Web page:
Thank you for being a pioneer Library Technician student. You studied in the first such program in Ontario right here in Thunder Bay at what has become Lakehead University. It takes courage and tenacity to pursue and unknown goal and set the example.

Thank you for being one of the first of many excellent Library Technicians that worked for the program and helped the students of those early years to bond into professional and social support groups. Your influence shows in the newsletters and photo albums of the time.

Thank you for creating momentum and incorporating the strong viable Lakehead Library Techicians into the provincial association. Seeds germinated by the CLTA members grew into our present OALT/ABO. The process began at a seminar in Sudbury focusing on Library Technicians in 1973.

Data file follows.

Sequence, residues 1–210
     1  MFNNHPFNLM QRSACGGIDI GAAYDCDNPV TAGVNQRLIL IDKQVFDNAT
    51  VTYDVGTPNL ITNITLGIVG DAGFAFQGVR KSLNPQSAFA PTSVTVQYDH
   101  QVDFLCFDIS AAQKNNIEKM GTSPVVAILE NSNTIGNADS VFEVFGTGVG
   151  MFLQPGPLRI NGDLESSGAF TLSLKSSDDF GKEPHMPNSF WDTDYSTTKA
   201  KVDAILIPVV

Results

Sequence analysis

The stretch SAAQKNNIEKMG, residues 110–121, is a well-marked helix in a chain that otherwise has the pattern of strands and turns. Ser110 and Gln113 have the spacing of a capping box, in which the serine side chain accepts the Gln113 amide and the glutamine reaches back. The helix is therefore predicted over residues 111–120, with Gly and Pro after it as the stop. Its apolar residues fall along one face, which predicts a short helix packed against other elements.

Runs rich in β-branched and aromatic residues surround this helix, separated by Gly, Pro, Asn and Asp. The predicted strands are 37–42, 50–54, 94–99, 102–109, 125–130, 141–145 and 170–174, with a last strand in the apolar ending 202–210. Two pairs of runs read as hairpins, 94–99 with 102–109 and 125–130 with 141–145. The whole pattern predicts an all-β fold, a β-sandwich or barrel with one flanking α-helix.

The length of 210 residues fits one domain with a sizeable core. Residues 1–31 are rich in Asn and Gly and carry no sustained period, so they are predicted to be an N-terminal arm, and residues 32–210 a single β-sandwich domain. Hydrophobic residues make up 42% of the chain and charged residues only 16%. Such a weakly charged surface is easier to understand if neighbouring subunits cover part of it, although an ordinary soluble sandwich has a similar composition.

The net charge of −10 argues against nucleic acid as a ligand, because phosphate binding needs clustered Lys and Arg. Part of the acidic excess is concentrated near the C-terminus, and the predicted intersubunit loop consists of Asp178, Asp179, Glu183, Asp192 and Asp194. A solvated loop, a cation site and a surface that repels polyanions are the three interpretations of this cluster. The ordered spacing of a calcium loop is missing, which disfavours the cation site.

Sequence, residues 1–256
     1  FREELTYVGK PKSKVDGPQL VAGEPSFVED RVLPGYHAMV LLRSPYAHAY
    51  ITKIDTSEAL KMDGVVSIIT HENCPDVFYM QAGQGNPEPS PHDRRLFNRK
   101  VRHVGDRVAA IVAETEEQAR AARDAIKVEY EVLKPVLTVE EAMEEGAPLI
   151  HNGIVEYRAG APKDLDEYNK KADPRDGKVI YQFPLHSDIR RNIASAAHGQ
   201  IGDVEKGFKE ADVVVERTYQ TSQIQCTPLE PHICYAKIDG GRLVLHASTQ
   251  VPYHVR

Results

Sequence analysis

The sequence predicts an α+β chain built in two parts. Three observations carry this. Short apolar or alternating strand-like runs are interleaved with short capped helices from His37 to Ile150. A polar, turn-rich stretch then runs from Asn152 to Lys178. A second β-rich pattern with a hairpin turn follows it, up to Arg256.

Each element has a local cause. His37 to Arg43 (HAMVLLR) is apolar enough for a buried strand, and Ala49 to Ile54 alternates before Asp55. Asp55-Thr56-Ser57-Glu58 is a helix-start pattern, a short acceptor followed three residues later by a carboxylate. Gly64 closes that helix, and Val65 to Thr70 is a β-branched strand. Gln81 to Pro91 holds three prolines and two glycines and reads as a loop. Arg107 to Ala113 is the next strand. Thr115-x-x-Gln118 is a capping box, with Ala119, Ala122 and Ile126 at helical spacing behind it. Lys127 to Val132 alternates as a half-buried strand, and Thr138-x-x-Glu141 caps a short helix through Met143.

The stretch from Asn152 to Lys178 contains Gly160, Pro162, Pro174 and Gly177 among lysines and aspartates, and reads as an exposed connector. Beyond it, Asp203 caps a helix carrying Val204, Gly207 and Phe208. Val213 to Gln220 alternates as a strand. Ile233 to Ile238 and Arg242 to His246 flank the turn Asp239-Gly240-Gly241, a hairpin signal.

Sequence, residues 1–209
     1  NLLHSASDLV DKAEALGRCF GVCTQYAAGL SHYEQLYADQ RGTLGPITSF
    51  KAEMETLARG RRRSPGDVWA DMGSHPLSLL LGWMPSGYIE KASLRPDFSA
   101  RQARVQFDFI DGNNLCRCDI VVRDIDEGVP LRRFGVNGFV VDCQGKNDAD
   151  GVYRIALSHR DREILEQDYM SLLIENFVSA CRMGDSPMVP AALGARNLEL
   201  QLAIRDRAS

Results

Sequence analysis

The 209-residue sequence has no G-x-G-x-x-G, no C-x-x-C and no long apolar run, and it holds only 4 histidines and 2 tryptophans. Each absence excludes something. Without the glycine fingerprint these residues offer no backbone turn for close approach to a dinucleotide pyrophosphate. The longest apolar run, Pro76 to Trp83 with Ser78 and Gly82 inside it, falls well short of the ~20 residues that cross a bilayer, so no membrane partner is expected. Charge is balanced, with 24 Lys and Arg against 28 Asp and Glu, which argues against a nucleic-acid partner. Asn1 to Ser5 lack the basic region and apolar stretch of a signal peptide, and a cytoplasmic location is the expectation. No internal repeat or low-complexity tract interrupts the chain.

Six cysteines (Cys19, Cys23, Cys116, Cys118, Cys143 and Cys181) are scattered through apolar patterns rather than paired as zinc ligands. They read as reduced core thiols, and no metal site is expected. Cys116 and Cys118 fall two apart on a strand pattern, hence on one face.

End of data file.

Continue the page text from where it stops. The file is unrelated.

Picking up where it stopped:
Thank you for your years of service to OALT/ABO as a member of the executive several times regionally and as Secretary to the provincial body in 1980. This is only what we know about. Even while not on the executive you contined to contribute greatly.

Thank you for spearheading the Annual Award for students in the Lakehead University Library Technician program. In the early days the assoication and the classes were tightly bound and this award was another way to encourage and help those who aspired to enter our profession.

Thank you for the many short (??) speeches at the conferences. Espectially the one you gave when you were honoured for ten years of continuous membership in 1983. Twenty years later and you are still coming out. Your words were always a delight and inspiration to those that were just beginning the long journey that you have so far accomplished.